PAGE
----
Roof Gardening Advantages
Rooftop gardens offer many advantages, among which are:
For the building owner
- Increase the life of your roof by two or three times
- Reduce the cost of air conditioning
- Reduce winter heating costs
- A tool for managing stormwater
- Increase the value of your home
- Municipalities and governments offer incentives
Increase public image
- Turn unused space into a garden
- Reduce stormwater runoff
- Minimize the urban heat island effect
- Air quality could be improved by reducing smog
- Reduce noise levels
- Reduce the demand for energy
- Enhance beauty
- Provide green spaces
Considering the environment
- Prevent the combined sewer from overflowing
- Reduce the impact of carbon monoxide
- Reduce nitrogen fusion in the rain
- Reduce acid rain’s effects
- Provide habitat for wildlife around the world
Roof Gardening Styles
Based on the type of vegetation on the roof and its care, roof gardens are classified into three main types.
Extensive Roof Gardens
This type of roof garden only requires a thin layer of soil base, so it is very easy to maintain. These gardens can accommodate outbuildings around the house such as garages, garages, roofs, and other outbuildings.
Furthermore, because there are few varieties of plants that can grow on it, it has less aesthetic value. The best plants to grow in this kind of garden are lichen and moss. A variety of surfaces can support lichen growth, including plastic, metal, and glass.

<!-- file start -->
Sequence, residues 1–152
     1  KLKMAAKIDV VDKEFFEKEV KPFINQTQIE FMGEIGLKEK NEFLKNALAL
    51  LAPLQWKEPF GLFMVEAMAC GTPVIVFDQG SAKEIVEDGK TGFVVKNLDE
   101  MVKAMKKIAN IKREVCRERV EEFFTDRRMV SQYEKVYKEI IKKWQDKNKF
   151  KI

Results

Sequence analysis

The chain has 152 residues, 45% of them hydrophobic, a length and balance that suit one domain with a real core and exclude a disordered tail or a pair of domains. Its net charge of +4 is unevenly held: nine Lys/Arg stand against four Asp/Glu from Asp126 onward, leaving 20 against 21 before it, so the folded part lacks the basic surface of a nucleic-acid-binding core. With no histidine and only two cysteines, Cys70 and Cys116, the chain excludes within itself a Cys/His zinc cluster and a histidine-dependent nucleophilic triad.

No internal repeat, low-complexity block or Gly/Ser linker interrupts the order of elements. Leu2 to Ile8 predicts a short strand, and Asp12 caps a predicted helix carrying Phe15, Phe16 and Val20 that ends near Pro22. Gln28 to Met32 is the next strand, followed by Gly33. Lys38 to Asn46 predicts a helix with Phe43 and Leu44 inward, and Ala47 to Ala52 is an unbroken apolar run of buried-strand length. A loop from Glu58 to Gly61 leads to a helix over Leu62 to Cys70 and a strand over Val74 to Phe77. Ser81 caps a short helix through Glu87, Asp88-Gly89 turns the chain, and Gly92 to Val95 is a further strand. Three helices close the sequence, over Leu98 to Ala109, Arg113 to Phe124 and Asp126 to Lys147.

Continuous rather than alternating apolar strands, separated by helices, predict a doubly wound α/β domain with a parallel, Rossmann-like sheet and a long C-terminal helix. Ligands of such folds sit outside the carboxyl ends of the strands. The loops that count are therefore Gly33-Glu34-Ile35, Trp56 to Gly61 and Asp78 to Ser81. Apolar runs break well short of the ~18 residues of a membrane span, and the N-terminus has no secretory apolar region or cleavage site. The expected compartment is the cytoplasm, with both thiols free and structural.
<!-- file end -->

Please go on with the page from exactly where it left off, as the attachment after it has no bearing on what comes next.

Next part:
On the other hand, the grass is a small plant that requires fewer nutrients and a high level of soil moisture to thrive.
This roof garden is perfect for humid environments and less expensive in terms of vegetation varieties and design.
Semi-intensive Roof Gardens
A deeper soil layer is needed for this type of roof garden. This encourages plant diversity. This type of garden requires a more sturdy construction due to the vegetation, the heavier weight on the soil, and the need for water retention.
Sedum species (succulent plants) from the lower genus can be used as vegetation in this type of garden. The succulent plants do not require much irrigation since they are dry-climate plants. During prolonged drought conditions, however, the vegetation must be watered more frequently. Wildflowers that do not require maintenance can be grown in such roof gardens.
Intensive Roof Gardens
Plants for such a garden would be similar to those belonging to a backyard garden, such as flowers, shrubs, trees, and a variety of park components.